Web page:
Newspaper article The Evening Standard (London, England)

Plant a Garden in a Day; Create a Flower-Filled Plot from Scratch. It Needn't Cost Much and It's Perfect for Renters

Newspaper article The Evening Standard (London, England)

Plant a Garden in a Day; Create a Flower-Filled Plot from Scratch. It Needn't Cost Much and It's Perfect for Renters

Article excerpt

Byline: Alex Mitchell

FOR the inexperienced gardener who wants maximum impact easily, Lucy Bellamy's new book Brilliant and Wild shows how to create a flower-filled garden from scratch using only inexpensive plants. Plant the whole thing on one day, then sit and enjoy. It's perfect for renters who don't want to splurge on a garden that they may not have for very long.

Follow Bellamy's advice and by summer you could be looking at flowerfilled perfection. It's a "plant once, enjoy forever" approach, since all the plants Bellamy suggests are perennials so won't need replacing. You can plant your garden on any day of the year, but now is the most exciting time to do it because it will flower by summer.

You don't need big, expensive plants either. "I used plants in tiny 9cm pots for my garden," says Bellamy, who's also the editor of Gardens Illustrated magazine. "They quickly grew and meshed together."

As well as being cost effective, such a garden is low maintenance. "You literally plant it once, don't need to water it once it's established, there's not much weeding, something to see all year, and you cut it all down to ground level in one day -- then the whole cycle begins again. If you plant a variety of heights and shapes, the plants hold each other up like a natural scaffold so no need for staking."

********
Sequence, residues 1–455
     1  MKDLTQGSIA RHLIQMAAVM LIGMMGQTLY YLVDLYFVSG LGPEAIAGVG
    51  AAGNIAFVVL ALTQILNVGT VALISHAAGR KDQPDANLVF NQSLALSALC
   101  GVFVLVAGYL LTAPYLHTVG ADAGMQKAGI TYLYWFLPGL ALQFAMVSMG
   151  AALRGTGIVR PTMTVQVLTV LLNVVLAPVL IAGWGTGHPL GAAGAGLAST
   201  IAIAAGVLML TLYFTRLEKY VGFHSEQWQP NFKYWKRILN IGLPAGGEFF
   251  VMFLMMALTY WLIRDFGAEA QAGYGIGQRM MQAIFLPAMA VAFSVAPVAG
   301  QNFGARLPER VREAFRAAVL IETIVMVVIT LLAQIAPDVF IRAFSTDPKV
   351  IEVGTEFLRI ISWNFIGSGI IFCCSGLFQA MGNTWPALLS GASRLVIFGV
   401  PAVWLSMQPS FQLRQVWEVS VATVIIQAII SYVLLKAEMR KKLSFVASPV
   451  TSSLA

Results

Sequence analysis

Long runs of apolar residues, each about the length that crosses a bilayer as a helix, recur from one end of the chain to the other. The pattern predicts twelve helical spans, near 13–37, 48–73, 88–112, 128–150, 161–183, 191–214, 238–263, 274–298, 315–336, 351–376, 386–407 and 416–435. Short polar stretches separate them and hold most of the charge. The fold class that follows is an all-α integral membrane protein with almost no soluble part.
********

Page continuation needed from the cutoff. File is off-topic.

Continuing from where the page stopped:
The key, says Bellamy, is to keep to a limited palette of plants, just seven in a small garden, and plant in repeating groups, aiming for different heights. Seven that would work well are: Achillea Summerwine; Achillea Terracotta; Allium hollandicum Purple Sensation; Eryngium agavifolium; Perovskia Blue Spire; Salvia Amistad and Salvia nemorosa Amethyst.

"In this country we spend more time looking at the garden from inside than we spend in it," says Bellamy. "The classic rookie error is to have the borders too narrow. You make it hard for yourself by doing this because the plants don't have enough space, they fall over, they are shaded by the fence or wall and you can't plant them in groups. …

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